Lincolnshire

Call for insurers to back Lincolnshire’s businesses amid Coronavirus crisis

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Businesses across Lincolnshire are navigating insurance claims in the face of Coronavirus as some warn that companies could “go to the wall”.

As the virus spreads across the county, businesses are looking to insurers to protect against a loss of income and potential closure.

Rishi Sunak, chancellor of the exchequer, announced a £330 billion stimulus earlier this week, which includes loans to protect companies against the virus.

However, companies have said insurers are avoiding paying out on business interruption insurance because COVID-19 is a “novel virus” and is not covered within their policy.

You can follow live updates on Coronavirus from around Lincoln and Lincolnshire in our live blog.

Hardy’s Animal Farm, Ingoldmells, has been in business since 1997. Stewart Hardy said r. Photo: Hardy’s Animal Farm.

Stewart Hardy, who runs Hardy’s Animal Farm in Ingoldmells, warned that failure to help would lead to some companies going under.

“There will be a lot of businesses who go to the wall,” he said.

“If they do not go under, they will take on a debt burden which makes growth difficult.

“But, I think generally the government have done a good job in difficult circumstances.”

He added it was “very likely” that the farm may have to close but should be able to see the virus through.

The outbreak of Coronavirus has already seen a number of businesses close their doors.

Butlin’s and Fantasy Island in Skegness have announced temporary closures.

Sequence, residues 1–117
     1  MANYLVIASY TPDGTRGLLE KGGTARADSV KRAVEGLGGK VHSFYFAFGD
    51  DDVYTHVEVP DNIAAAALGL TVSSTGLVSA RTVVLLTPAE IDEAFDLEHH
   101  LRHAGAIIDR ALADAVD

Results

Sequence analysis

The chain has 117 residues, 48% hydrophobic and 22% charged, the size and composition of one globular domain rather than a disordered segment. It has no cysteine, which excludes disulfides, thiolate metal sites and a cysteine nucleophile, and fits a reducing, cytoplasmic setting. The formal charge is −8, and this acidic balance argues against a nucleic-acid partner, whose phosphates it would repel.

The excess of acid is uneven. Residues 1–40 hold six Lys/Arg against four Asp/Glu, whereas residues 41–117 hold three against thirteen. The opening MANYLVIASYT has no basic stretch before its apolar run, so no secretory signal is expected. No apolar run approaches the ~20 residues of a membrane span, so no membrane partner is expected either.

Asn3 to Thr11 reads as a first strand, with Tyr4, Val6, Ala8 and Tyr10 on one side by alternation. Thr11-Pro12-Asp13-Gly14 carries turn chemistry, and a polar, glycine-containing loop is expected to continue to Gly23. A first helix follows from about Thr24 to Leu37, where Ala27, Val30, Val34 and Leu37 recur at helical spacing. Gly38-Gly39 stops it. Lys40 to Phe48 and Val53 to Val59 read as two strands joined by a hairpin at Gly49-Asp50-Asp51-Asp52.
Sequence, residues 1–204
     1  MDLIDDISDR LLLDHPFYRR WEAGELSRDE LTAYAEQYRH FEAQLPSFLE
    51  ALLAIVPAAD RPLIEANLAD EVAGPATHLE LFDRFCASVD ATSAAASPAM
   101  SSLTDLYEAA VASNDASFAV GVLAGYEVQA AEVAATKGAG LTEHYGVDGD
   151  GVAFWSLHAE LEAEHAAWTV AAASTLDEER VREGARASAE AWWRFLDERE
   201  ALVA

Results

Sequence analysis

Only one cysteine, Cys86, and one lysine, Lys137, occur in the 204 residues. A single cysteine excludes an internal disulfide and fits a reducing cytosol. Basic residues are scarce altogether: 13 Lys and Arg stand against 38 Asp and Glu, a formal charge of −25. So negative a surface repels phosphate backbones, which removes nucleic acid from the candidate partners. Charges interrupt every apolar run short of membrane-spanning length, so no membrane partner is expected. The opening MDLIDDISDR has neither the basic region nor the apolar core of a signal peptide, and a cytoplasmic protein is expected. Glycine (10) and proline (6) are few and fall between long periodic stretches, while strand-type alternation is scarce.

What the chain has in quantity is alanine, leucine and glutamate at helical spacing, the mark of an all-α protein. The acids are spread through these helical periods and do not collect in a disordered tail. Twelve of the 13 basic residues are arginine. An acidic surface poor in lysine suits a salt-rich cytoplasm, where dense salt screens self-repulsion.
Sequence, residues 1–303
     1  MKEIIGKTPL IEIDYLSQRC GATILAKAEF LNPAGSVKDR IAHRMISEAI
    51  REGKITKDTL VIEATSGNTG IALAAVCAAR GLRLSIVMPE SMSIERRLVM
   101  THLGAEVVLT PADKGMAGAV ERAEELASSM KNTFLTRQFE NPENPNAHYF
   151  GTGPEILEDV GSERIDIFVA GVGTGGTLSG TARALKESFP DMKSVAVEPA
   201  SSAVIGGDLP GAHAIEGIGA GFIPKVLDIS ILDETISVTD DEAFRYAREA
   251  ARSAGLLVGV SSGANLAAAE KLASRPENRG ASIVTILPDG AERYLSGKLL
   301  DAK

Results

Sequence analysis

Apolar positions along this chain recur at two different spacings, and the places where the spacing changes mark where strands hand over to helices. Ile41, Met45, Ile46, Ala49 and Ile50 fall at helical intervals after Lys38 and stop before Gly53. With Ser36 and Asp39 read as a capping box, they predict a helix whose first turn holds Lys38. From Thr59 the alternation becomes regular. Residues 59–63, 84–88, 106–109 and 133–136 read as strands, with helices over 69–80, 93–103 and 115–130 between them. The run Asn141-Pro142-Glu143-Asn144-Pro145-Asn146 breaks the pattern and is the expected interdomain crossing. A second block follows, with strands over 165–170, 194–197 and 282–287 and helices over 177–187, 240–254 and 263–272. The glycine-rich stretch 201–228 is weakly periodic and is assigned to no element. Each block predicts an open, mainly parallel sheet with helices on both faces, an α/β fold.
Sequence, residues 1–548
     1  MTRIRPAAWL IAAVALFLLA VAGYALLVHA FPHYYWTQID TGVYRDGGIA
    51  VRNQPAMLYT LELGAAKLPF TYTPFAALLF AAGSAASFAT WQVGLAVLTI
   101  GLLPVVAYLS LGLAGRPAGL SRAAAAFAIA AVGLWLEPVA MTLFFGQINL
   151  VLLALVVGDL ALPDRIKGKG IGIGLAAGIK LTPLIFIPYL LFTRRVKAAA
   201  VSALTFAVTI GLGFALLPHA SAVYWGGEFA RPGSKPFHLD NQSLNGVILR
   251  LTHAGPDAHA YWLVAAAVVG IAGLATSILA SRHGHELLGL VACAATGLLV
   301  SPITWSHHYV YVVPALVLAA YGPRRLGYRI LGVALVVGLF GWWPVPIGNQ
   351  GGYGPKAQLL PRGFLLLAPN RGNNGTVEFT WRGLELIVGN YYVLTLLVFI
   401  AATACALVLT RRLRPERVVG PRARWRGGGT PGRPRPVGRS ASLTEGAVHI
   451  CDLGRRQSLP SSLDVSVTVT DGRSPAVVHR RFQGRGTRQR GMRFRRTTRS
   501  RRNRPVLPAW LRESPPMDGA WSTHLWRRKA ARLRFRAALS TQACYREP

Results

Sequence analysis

Both locations are expected to remain shut until after the Easter period, in response to the guidelines set out by Prime Minister Boris Johnson.

Councillor Colin Davie, executive member for economy and place at Lincolnshire County Council, said insurers need to do more to protect business.

Councillor Colin Davie, executive councillor for economy and place at Lincolnshire County Council. Picture: Calvin Robinson for Lincolnshire Reporter

“This is a global emergency and everybody needs to step up to the plate,” he said.

“It is clear to me that insurance companies are doing all they can to avoid paying out on policies that businesses took out to protect themselves from this type of eventuality.

“If they want to avoid being targeted then they need to rethink their actions.”

A spokesperson for the Association of British Insurers said: “The spread of Coronavirus is unprecedented in modern times and we understand this is an incredibly difficult time for families and businesses.

“Standard commercial insurance policies – the type the vast majority of businesses purchase – provide cover against a wide range of day to day risks including damage caused by fire, flood, theft and accidents involving employees.

“Insurers pay out £22 million each day to firms through these policies, supporting millions of businesses across the UK each year.

“Only a very small minority of businesses choose to buy any form of cover that includes local closure due to an infectious disease.

Rishi Sunak, Chancellor of the Exchequer. Picture: Ministry for housing, Communities and Local Government.

“An even smaller number will have cover enabling them to potentially claim on their insurance for the presence or impact of the Coronavirus pandemic.  The Government’s clarification yesterday will help some of these policyholders claim if the other terms and conditions of the policy are met.

“We strongly recommend that every business should check with their insurer or broker if they wish to confirm the type of cover that they have purchased.”

As part of plans to help the economy, Mr Sunak introduced a stimulus package earlier this week.

It includes a Coronavirus business interruption scheme, which will be provided as a loan by the British Business Bank through participating providers.

The government is expected to roll out the scheme to businesses on March 23.

Companies will also be helped through business rate relief, as well as other small business grants.


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